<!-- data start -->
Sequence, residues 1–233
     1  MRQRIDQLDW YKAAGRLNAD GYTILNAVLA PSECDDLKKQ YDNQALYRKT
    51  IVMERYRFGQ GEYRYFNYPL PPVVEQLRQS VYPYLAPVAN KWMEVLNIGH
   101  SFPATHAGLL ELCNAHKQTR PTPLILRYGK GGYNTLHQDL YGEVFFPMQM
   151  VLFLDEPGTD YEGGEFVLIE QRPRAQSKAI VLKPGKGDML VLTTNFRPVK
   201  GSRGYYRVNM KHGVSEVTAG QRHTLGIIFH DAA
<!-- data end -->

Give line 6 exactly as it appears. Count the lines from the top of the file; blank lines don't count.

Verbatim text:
   201  GSRGYYRVNM KHGVSEVTAG QRHTLGIIFH DAA